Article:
Create writing assignments that engage students in deep learning

September 12, 2017 | Claudia Stanny

Create writing assignments that engage students in deep learning

Why do we assign writing in our courses? One good reason to assign writing is to give students practice and constructive feedback on their writing to help them learn to communicate more effectively. A second, perhaps more compelling reason, is that well-constructed writing assignments engage students with course content and deepen disciplinary learning. This tip addresses these two reasons in turn and offers advice for how to create an effective writing assignment.

Writing assignments develop writing skill. Writing is an essential skill and is an increasingly important skill for the 21st Century workplace, which relies on email, social media, text messages, web content, and other written communication. Anderson et al. (2017) note that recent surveys of employers highlight the value placed on competent professional writing. They note that many employers complain that university graduates frequently fail to meet expectations for entry-level skill with writing.

Writing assignments engage students with disciplinary content and improve learning. Faculty often write to clarify their thinking about disciplinary content. Similarly, writing assignments can require students to engage in the meaning of disciplinary content. The structure and expectations for a writing assignment will determine how deeply students engage with content meaning and how effectively the assignment will facilitate student learning. Anderson et al. (2017) identify three characteristics of writing assignments that create effective disciplinary learning experiences (as well as help students write better).

Characteristics of effective writing assignments

Assignment creates an interactive writing process. Interactivity can be achieved in several ways. The following structures will increase interactivity:

  • Writing conferences with the instructor (before submitting the assignment),
  • Pre-writing peer discussions of the assignment and ideas to be discussed,
  • Feedback from the instructor on an early draft to clarify logic of the argument, feedback from a peer review (or even a friend or family member),
  • Consultation with the campus writing center on an early draft.

All of these interactions require that students reflect on their writing and revise their work before submitting the final paper. Instructors with small class enrollments might be able to manage one-on-one writing conferences with students. Instructors with large enrollment classes will prefer to create small-group writing discussions, peer review of an early draft, or required consultation with the writing center on an early draft.

Structure assignments to require students to engage in meaning-making as part of the writing process. Writing prompts are important. The following prompts direct students to engage in a meaning-making activity to complete the writing assignment:

  • Students must paraphrase and integrate ideas from multiple sources (if only from multiple locations in an assigned reading).
  • Students must critically evaluate disciplinary content, or describe a novel example or application of a disciplinary principle from their everyday life, which required original thinking about content.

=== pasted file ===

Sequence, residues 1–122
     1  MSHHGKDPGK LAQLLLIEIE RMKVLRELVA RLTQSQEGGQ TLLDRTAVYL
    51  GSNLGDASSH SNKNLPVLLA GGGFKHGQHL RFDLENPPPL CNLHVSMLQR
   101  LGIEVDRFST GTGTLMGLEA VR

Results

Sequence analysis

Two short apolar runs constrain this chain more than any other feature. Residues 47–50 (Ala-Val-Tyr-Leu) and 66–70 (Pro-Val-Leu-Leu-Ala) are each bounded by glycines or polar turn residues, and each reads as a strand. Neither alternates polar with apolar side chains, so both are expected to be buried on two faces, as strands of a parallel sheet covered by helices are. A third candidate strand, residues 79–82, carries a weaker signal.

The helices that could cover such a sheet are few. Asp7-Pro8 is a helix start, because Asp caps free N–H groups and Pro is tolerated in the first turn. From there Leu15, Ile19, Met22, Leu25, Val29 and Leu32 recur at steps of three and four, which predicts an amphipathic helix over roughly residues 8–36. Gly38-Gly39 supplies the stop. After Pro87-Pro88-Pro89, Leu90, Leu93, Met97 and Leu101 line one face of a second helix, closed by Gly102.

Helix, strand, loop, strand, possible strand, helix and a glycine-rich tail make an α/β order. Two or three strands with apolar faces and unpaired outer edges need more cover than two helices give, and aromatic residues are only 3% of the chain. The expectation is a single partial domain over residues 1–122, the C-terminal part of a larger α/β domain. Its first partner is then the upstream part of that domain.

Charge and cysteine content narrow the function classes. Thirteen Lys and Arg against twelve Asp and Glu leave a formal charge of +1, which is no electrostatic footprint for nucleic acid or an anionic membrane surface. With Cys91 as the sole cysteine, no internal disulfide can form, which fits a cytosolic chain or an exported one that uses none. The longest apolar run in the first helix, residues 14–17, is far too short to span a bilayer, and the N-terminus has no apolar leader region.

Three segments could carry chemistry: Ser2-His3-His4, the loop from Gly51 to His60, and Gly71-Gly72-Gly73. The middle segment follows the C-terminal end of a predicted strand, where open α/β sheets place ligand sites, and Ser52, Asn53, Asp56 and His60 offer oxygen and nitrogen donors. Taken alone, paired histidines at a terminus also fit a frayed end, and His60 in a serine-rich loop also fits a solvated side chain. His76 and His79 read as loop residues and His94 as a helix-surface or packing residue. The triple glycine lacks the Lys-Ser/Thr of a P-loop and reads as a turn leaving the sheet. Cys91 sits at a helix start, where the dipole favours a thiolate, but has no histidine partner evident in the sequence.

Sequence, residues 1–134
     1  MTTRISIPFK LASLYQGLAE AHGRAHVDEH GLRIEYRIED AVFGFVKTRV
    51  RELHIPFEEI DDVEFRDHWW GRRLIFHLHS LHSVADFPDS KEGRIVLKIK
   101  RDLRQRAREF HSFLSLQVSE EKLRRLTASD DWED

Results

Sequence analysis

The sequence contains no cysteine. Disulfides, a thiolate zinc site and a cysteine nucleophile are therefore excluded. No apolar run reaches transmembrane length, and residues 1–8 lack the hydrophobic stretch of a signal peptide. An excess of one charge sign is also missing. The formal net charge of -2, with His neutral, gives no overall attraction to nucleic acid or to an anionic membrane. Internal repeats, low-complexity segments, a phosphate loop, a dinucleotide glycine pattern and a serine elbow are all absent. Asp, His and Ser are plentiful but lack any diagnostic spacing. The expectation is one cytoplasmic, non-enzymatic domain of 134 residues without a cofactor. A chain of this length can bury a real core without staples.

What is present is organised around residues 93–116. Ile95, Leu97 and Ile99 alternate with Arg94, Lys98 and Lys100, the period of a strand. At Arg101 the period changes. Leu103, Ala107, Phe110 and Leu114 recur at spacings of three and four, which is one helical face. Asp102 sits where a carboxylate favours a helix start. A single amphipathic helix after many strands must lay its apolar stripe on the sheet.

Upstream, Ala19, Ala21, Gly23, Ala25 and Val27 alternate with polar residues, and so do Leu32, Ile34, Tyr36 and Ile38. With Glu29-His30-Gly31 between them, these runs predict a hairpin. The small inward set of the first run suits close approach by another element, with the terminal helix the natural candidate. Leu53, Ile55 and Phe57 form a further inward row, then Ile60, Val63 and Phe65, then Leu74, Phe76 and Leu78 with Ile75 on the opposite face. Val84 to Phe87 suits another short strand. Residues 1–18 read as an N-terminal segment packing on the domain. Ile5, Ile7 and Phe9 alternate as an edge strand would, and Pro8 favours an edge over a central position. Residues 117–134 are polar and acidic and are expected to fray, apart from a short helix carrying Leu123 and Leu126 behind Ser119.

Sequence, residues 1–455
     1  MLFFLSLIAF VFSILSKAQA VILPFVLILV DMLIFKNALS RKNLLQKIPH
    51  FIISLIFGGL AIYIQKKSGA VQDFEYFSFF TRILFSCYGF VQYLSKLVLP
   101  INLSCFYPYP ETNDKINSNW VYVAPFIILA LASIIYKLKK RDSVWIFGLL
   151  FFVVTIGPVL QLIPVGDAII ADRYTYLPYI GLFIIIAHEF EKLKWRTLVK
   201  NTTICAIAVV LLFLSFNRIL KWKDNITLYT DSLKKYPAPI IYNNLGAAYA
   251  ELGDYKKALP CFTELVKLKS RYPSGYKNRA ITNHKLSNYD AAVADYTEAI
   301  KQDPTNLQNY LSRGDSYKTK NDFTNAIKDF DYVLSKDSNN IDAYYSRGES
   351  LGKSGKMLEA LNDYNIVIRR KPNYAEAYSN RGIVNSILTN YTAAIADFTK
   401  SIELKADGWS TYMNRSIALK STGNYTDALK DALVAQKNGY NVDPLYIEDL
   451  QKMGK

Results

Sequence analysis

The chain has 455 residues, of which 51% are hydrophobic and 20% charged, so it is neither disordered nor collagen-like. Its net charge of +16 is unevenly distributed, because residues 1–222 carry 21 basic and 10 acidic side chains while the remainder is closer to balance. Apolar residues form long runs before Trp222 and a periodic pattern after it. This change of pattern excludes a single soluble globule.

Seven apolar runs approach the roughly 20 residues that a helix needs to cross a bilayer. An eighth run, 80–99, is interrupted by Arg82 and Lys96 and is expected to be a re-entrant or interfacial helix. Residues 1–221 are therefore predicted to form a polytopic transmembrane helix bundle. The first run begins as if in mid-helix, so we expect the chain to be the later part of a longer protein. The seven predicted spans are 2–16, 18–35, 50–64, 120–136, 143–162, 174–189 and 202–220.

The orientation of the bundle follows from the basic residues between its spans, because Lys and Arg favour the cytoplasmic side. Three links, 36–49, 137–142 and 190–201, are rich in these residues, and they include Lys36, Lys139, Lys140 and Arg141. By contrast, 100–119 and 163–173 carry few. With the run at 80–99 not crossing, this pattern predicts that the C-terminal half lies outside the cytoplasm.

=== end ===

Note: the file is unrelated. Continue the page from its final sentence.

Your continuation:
Writing that engages students and deepens learning need not require extensive writing. Write meaning-making prompts for very short writing assignments (e.g., in-class minute papers or reflective writing on assigned reading) to engage students with disciplinary content (Stanny & Duer, 2013). The following are eamples of prompts for short writing assignments:

  • Summarize an assigned reading or explain how a concept in the reading applies to or predicts a real-world phenomenon (1 or 2 pages).
  • Explain the meaning of numerical or statistical data (1 or 2 paragraphs).
  • Ask students to apply a concept discussed during lecture to a specific scenario (1 or 2 paragraphs).
  • Require that students use the format and editorial style of the discipline when they write for your class.

Set clear expectations about student writing in the assignment. Assignment guidelines should clearly describe what the student should do (e.g., use at least three primary resources, compare two different models and reach a conclusion about which one best explains a particular observation, support assertions with evidence – and identify what “counts” as acceptable evidence). A well-crafted rubric does a great job establishing clear expectations for written assignments because it describes the criteria you will use to evaluate and grade students’ work.

Explain what students should learn from the assignment to discourage students from treating an assignment as “make work.” For example, students will learn to use a professional editorial style, build a logical argument based on high-quality evidence, apply disciplinary concepts to a practical problem, or evaluate artistic products using appropriate disciplinary criteria.


Anderson, P., Anson, C. M., Fish, T., Gonyea, R. M., Marshall, M., Menefee-Libey, W., Paine, C., Blake, L. P., & Weaver, S. (2017). How writing contributes to learning: New findings from a national study and their local application. Peer Review, 19 (1), 4-8.

Stanny, C. J., & Duer, J. D.  (2013). Authentic assessment in psychology: Using rubrics and embedded assessments to improve student learning.  In D. S. Dunn, S. C. Baker, C. M. Mehrotra, R. E. Landrum, & M. A. McCarthy, Assessing teaching and learning in psychology:  Current and future perspectives (pp. 19-34)Belmont, CA:  Cengage.

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